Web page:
The moon slowly comes into view. Mundane as ever. Big, white, and obnoxious. I see a car come round down the corner. It's a convertible. Teal. Shiny. Like a 1950s movie one. I peer through the foggy window. All I see is a tan-coloured oval. The car parks under a precariously hanging maple tree. A man walks out. He's tall. His eyes are an ordinary brown like almost any other man on the street. He holds a paper bag with a big yellow M plastered on it.
"Hi." I wave, my hand hanging awkwardly in mid-air.
"Who are you?" I pause, "and what are you doing at my house?"
He doesn't respond.
"Is this a joke?" A pull my zip-up hoodie over my shoulders.
"I never joke." he grins.
It's Luka. Funny. German-American. Leather jacket Luka. I don't react. He's calm, so that means I have to be calm. It cannot be one-sided. The teal colour of the convertible glints in the moonlight. I watch the hovering of the big white spotlight on the convertible, the shadow of the maple layers on it. Creating a painting.
"Here's a peach Crush." he starts to hand it to me, then stops, "I assume that you've figured out who I am by now."
I spot some white hair above his forehead.
"Yes. I have."
I put the Crush beside me, pulling the cuffs of my hoodie over my white knuckles.
"You love peach Crush. Have you grown out of it?" He sits down beside me on the porch.
I'm angry. He can't come at 8:30 on a Wednesday day night. He can't stop time. It's not fair. With my thumb, I make circles on my palm. Stay calm. Stay Calm.
"Nope. I haven't. First, I need to know if you're married or not."
"Good." I poke the straw into the styrofoam.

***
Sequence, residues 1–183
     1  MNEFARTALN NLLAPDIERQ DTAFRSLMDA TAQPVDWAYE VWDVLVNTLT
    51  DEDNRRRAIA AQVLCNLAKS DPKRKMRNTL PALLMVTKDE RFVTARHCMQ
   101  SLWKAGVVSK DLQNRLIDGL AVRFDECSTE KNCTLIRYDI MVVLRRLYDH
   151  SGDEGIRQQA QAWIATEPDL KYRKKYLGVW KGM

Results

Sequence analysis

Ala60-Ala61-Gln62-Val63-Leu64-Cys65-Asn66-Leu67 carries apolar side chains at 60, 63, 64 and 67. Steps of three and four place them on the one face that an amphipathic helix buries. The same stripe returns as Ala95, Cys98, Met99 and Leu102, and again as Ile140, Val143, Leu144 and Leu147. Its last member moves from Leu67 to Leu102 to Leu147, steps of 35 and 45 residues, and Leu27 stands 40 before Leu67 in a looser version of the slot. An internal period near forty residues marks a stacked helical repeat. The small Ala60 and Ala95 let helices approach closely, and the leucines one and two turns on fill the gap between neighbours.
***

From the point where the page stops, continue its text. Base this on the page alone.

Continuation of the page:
He passes me a Quarter Pounder wrapped in plastic.
"I'm not eating that," I restrain the smile that's pulling my mouth upwards, "not until you tell me why you're here and all background complications."
"She divorced me."
All of a sudden the air crackles with tension.
"She knows that I don't love her. That I love someone else." he continues, "She kicked me out. Her father owns the house that we shared. She is going to raise the child on her own."
I place my cold hands on my cheeks, trying to cover the embarrassing beet-red tone of my cheeks.
I choke on peach Crush and cringe as it goes down the wrong tube. "A kid? You have a kid?"
"Yes. A kid. In her family. It's a custom. Every married couple needs to have children. I had nowhere to go. So I put together all the money that I had left. From selling cars."
"Selling stolen cars. I assume?"
He looks away.
"So that's a yes, right?" I smile, patting his back with the large plastic cup.
"And I bought a flight from Greece to here, Ohio."
"Where are you living?" I ask.
"Sunnyside motel. Homey place."
"It is. Very fishy."
"Eek." I laugh and watch the moon float above a couple of faint stars.
"I came here to see you because I loved you all along." he itches the back of his head.
"Don't go all romcom cheesy on me."
"Trust me, I won't."
"So. Are there any more foreign relationships? Any arranged marriages? Any angry parents?"
"Yes. But I'm not sure about the last one." he laughs softly.
"Pass me the Quarter Pounder."